Git open-source repositories are a popular method for storing code. Unfortunately, a high degree of centralization means there’s a single point of control — sparking fears about the prospect of censorship resistance and security. And as more code is written, it can become less secure.
Solutions are now being developed for the teams who manage these open-source repositories — with decentralized autonomous organizations sometimes tasked with building consensus around a code. They can encourage and incentivize developers to look at the code and attest to its security.
The technology of Everscale Network, a layer one blockchain recognized for its stability and high performance, directly solves this gap with a decentralized on-chain git source holder, better known as GOSH, developed by EverX, Pruvendo, KWPC and Blockchain Family. As a separate blockchain based on Everscale technology, this has become a go-to in securing the global software supply chain of open-source software existing solely as a utility fork for the greater network.
To put the benefits of this release into perspective, GOSH looks to Docker, a technology company that develops productivity tools to automate code deployment in software containers, for endorsement. Docker has made the announcement for a beta release of Docker Extensions, a marketplace where developers can take advantage of additional tools and workflows, integrating them into existing projects.
As a part of the Docker Extensions launch, a series of different partners were engaged to integrate a total of 16 extensions — and of those, six focus on securing the software supply chain. For the rest of the industry, these findings indicate the importance of security and stability for businesses and the developer community as a whole.
Introducing the security block
Taking a closer look at Docker Extension’s security block, users will find an original application of blockchain technology via the utility chain. When employed, the extension will help to verify that each container on Docker remains secure and unchanged. Therefore, developers have the assurance that their containers were built using only the components indicated in associated smart contracts.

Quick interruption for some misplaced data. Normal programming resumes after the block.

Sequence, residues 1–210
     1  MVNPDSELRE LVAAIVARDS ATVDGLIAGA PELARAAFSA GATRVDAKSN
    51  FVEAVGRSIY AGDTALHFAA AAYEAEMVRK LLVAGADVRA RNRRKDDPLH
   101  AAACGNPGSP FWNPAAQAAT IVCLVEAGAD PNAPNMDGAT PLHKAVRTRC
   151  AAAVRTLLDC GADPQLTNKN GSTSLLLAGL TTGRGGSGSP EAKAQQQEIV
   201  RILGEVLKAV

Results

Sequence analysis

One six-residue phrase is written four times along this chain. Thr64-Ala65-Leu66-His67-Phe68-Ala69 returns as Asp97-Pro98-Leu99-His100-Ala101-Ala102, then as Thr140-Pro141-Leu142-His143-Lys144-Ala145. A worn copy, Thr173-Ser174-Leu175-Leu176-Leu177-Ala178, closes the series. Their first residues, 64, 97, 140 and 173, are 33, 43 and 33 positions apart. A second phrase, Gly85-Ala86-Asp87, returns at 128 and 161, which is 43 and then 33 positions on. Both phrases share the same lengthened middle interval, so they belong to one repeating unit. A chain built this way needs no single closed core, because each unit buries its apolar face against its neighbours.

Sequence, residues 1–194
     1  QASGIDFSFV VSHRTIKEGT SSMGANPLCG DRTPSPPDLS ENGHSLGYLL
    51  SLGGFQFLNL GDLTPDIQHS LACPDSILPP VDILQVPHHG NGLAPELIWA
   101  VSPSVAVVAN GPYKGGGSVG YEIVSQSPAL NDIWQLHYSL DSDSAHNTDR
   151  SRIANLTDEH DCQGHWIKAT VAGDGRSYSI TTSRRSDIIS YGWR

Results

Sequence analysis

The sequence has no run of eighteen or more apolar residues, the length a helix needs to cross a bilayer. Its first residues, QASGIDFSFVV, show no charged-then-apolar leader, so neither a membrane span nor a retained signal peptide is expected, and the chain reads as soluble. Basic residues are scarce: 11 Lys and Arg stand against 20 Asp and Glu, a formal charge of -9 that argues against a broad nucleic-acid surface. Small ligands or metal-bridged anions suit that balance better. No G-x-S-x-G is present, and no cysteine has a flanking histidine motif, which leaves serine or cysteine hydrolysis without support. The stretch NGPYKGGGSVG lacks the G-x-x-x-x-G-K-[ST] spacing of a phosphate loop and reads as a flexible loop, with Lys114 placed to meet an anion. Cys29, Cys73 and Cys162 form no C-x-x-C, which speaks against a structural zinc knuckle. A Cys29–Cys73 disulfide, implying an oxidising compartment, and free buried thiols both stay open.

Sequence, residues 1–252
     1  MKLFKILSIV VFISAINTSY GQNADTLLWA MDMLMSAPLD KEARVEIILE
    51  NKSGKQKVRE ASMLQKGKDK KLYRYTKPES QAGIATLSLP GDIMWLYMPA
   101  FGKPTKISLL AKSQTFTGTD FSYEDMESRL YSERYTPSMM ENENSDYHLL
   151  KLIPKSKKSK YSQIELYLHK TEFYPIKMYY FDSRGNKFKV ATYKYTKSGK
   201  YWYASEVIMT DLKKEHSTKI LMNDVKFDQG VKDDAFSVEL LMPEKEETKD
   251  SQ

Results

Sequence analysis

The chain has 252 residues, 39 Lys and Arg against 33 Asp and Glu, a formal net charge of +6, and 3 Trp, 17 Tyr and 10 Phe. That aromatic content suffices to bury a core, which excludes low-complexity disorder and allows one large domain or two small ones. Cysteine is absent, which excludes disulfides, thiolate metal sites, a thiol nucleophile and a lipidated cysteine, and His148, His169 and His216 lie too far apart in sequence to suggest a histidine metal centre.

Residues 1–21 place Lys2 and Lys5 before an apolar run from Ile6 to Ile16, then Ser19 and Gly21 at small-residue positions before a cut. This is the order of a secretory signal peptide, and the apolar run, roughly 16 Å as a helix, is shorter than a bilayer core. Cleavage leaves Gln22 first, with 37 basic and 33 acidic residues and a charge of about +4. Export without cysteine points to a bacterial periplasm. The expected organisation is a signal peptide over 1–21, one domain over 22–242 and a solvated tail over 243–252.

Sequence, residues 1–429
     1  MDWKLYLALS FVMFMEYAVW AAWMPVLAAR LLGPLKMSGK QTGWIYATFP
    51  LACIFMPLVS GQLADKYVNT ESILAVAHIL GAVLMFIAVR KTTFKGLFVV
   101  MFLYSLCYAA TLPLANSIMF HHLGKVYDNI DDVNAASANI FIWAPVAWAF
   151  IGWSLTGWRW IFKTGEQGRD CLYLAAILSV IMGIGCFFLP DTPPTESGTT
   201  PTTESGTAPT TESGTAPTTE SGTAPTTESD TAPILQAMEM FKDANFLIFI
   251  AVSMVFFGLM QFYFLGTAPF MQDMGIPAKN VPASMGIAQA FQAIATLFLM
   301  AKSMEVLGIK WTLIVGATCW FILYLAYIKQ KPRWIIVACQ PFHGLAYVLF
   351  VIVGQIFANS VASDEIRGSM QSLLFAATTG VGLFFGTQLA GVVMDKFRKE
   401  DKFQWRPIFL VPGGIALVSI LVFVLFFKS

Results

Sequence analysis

To achieve this, the extension should be completely built on the same technology as Everscale, the layer one blockchain network mentioned earlier. The platform’s high number of transactions per second (TPS) is a product of dynamic sharding mechanisms, which ensure millions of transactions can be processed per second with reduced fees. For these reasons, the Everscale network has been recognized as one of the most scalable networks in existence.
When it comes to stability, Everscale hasn’t suffered a major downtime or other malfunctions during its two-year history, illustrating that it’s been a reliable choice from the beginning. While other networks have sometimes gone down, Everscale has been robust. Taken together, Docker leveraging Everscale technology through GOSH as part of their ecosystem becomes a rather logical decision.
With other networks, Docker would likely have had to make a tradeoff between performance and stability. Since GOSH and Everscale offer both, the application network is an ideal choice for decentralized security applications (DApps).
For mutual benefit
A successful endorsement of Everscale technology is believed to drive significant interest of several additional large IT companies, in turn adding liquidity pools to the platform with GOSH tokens.
However, the benefits of this application will extend far beyond the Everscale network alone. Based on the information provided by project developers, GOSH’s token early sale will include a program known as EverLock, where a certain portion of Evers will be staked on Gosh exclusively by users of the Everscale network.
Disclaimer. Cointelegraph does not endorse any content or product on this page. While we aim at providing you with all important information that we could obtain, readers should do their own research before taking any actions related to the company and carry full responsibility for their decisions, nor can this article be considered as investment advice.